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Environmental modulation and metabolism of cyanobacterial β-N-methylamino-L-alanine
Expanded Title:Background and motivation for the research β-N-methylamino-L-alanine (BMAA) is a neurotoxic amino acid produced by most, if not all, cyanobacteria (Cox et al., 2005; Esterhuizen & Downing, 2008) and linked to amyotrophic lateral sclersosis/Parkinsonism dementia complex (ALS/PDC) (Cox et al., 2003). Cyanobacteria are ubiquitous and cosmopolitan. They occur in freshwater impoundments in very high densities due primarily to eutrophication and this poses a potential exposure risk (Codd et al., 1999). Evidence exists for various mechanisms of exposure to BMAA from cyanobacterial biomass, including ingestion of contaminated water, aquatic organisms and irrigated vegetables, and via inhalation of aerosolized toxin or toxin-containing cells. However, the reported BMAA content of cyanobacteria has varied substantially from none detected, to mg/g dry weight. Typically BMAA content ranges from a few μg/g dry weight to several hundred μg/g dry weight, but nothing is known about the cause of this reported variation in the BMAA content of cyanobacteria, or about regulation of BMAA content or about biosynthesis of BMAA in cyanobacteria. This lack of understanding of the causes of variation and possible environmental modulators makes management of risk exposure almost impossible. Project objectives The purpose of this project was to determine causes of variation in BMAA content in cyanobacteria while confirming the cyanobacterial origin of BMAA and elucidating possible biosynthetic mechanisms of BMAA in cyanobacteria. The specific project aims were as follows: o To determine the effect of variation in nutrients on the production of BMAA with an emphasis on the effect of nitrogen on BMAA content o To investigate possible mechanisms of biosynthesis and metabolism of BMAA in cyanobacteria o To investigate the possibility of estimating BMAA content based on a more easily measurable metabolite. Additionally, and due to no clear alternative metabolite being identified that was easier to quantify, an assessment of a commercial BMAA ELISA kit, that became available during the course of this project, was added as an aim. Summary of the major results and conclusions BMAA was shown to be a product of cyanobacterial metabolism. This was achieved by inducing production of BMAA using a stable isotope of nitrogen in the form of ammonia as a supplied nutrient, and observing labelled BMAA production as a consequence. BMAA is environmentally modulated. Transient increases were observed as a result of combined nitrogen deprivation and increased light intensity or medium phosphorous concentration. However, light and phosphorous responses were probably a function of alteration of cellular nitrogen status, as these variables had no effect under nitrogen-replete conditions. Medium combined nitrogen availability resulted in a rapid removal of free cellular BMAA, with ammonia having an almost immediate effect whereas nitrate had a somewhat delayed effect. These data suggest a role for BMAA in nitrogen stress response in cyanobacteria and offer a basis for environmental studies on BMAA content as a function of physicochemical parameters in surface waters. Furthermore, the immediate role of ammonia in the appearance and disappearance of BMAA offers a starting point for investigating BMAA biosynthesis in cyanobacteria. BMAA is therefore a cyanobacterial metabolite produced under nitrogen deprivation. In order to try and understand the biosynthesis of BMAA, feeding experiments with labelled nitrogen were conducted. Isotopically labelled BMAA was synthesised and this and unlabelled BMAA and other potential metabolites were used in feeding experiments under conditions that would induce either BMAA production or BMAA removal. BMAA is not produced concurrently with proteinogenic amino acid anabolism. BMAA is produced at the onset of nitrogen limitation but is not produced as a catabolic byproduct of serine protease degradation of cellular components, or directly as a result of cyanophycin or phycobiliprotein catabolism. The transient increase of free cellular BMAA observed in cyanobacteria as a function of decreased cellular nitrogen status suggests a regulatory or metabolic intermediate function for BMAA in cyanobacteria. Published hypothesized biosynthetic mechanisms were shown to be incorrect. BMAA biosynthesis does appear to be enhanced by feeding on amino acids that are transamination products of glutamate, suggesting glutamate as a potential precursor for BMAA. Additionally, BMAA appears to serve as an amino group donor in transamination reactions with either 2-oxoglutarate, oxaloacetate or pyruvate; the resulting BMAA keto acid (2-oxo-3(aminomethyl)propanoic acid) is a substrate for either amination or transamination and/or carbamanation and possibly cyclisation, to form a precursor pool from whence BMAA may rapidly be produced when required by the cells. The rapid transfer of the BMAA alpha-amino group to glutamate suggests that BMAA may serve as an amino donor in the reaction catalysed by one of the 2-oxoglutarate transaminases. The ready reversibility of transaminase reactions suggests a keto acid precursor for BMAA with glutamate as the amino group donor. However, this keto acid has yet to be detected, suggesting that its presence is transient and it is itself a product, either an isomer or otherwise altered precursor. The existence of aminated alpha and beta-carbamate derivatives of the BMAA, and the possibility of aminated forms of these molecules, presents several possible precursor molecule options that become available on nitrogen deprivation, such as the possible decarbamation of a deaminated beta-carbamate of the keto-acid of BMAA with subsequent transamination to yield BMAA. Results from these experiments therefore suggest that BMAA is rapidly produced from another, as yet unidentified, molecule in the cell, possibly by deamination and decarbamation of aminated BMAA carbamates possibly following de-cyclisation. This is supported by the rapid removal of BMAA on addition of ammonia to the medium and the existence of both the alpha-aminated and beta-aminated ethyl-carbamates of BMAA. Additionally, BMAA is subject to transamination reactions as determined by transfer of alpha 15N to the amino acid pool. Although the corresponding keto acid was not observed, this molecule may itself be subject to modification within the cell, making detection difficult. The nature of any such modification remains unknown. BMAA remains a molecule of concern. These data show that BMAA appears to have a primary regulatory or metabolic function that explains its almost universal presence within the cyanobacteria. We suggest that the absence of BMAA in wild strains analyzed is probably due to inappropriate environmental or culture conditions and that the absence in certain culture collection strains can be explained by loss of this function due to many generations under optimal growth conditions. The flux between BMAA and its metabolic precursors and products is rapid and environmentally modulated and this needs to be considered when monitoring programs are established. We have no knowledge of the potential toxicity of the metabolites of BMAA or of whether these metabolites are subject to metabolic conversion to BMAA upon ingestion. Recommendations Our understanding of the transient nature of BMAA in cyanobacteria indicates a requirement for frequent monitoring of cyanobacteria in drinking water sources where elevated chlorophyll content is detected. In the absence of conclusive data on the possible exposure routes and experimental validation of the ALS/PDC theory, it seems prudent to take measures, such as the placement of warning signs, to prevent any exposure. These data offer the first indication of the possibility of developing alert levels for BMAA based on commonly measured physicochemical parameters. The complex nature of the apparent nitrogen:carbon ratio regulation of BMAA production indicates the necessity for a long-term monitoring program wherein all relevant physicochemical parameters are measured in conjunction with BMAA so as to develop an applicable, environmental model for BMAA risk so as to inform an alert level guideline and better manage exposure risk. The insights gained into the possible regulatory function of BMAA in cyanobacteria require an urgent follow-up study to confirm the function of this molecule and thereby supply a fundamental physiological basis for any environmental parameter-based alert level framework. We therefore recommend: a) that research into the role of BMAA as a response regulator be completed so as to support environmentally- based models of BMAA presence, and b) that a long-term monitoring project be initiated to collect adequate data to support or refute the laboratory findings on physicochemical parameter-based prediction of BMAA levels in cyanobacterial blooms. The current findings, together with the recommended work, will provide a sound basis for an alert level framework for the analysis of BMAA in recreational and potable water resources.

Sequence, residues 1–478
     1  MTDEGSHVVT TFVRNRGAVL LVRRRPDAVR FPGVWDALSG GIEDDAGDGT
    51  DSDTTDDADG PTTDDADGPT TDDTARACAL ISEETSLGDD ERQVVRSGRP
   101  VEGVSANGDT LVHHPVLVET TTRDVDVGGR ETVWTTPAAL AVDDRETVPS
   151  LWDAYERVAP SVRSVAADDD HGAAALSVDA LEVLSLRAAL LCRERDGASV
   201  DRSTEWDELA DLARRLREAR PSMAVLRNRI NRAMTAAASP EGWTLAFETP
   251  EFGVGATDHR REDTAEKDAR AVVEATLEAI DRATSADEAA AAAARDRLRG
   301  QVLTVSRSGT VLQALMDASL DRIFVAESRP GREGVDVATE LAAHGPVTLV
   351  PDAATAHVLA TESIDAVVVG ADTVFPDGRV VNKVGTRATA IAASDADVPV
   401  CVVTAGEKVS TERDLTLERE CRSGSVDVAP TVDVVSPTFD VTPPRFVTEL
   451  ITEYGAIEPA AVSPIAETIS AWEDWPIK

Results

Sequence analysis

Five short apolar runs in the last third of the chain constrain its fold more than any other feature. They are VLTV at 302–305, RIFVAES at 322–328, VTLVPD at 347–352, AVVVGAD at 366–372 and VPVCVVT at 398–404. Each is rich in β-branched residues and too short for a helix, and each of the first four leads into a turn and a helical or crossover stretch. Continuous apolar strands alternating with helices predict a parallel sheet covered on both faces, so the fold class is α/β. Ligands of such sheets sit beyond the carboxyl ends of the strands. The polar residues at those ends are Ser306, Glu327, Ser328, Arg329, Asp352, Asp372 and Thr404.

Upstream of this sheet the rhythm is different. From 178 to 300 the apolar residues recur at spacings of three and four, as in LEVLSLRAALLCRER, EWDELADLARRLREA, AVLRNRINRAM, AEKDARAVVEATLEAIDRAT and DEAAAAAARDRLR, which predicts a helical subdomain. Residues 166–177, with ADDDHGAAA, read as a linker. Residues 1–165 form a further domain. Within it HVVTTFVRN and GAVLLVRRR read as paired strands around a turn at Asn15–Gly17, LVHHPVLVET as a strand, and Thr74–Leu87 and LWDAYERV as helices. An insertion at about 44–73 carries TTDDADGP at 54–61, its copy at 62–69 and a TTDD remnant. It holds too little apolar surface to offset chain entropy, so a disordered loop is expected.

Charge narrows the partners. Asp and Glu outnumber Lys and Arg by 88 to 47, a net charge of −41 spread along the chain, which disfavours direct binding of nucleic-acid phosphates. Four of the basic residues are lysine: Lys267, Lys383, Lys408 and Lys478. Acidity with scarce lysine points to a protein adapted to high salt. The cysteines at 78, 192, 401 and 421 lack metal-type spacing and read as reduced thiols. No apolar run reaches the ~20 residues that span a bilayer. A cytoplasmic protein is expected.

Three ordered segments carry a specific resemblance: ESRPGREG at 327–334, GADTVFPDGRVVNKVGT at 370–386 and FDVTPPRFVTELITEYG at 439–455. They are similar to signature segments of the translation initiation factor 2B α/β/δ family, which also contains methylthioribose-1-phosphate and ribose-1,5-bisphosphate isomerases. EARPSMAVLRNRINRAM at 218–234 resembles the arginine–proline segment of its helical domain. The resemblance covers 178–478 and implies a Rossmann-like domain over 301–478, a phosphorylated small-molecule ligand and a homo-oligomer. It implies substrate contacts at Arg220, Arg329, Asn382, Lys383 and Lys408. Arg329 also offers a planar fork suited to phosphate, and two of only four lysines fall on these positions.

Date Published:01/07/2014
Document Type:Research Report
Document Subjects:Wastewater Management - Domestic, Wastewater Management - Sewers
Document Keywords:Municipality, Water Quality
Document Format:Report
Document File Type:pdf
Research Report Type:Standard
WRC Report No:2065/1/14
ISBN No:978-1-4312-0567-7
Authors:Downing TG; Downing S
Project No:K5/2065
Organizations:Nelson Mandela Metropolitan University
Document Size:607 KB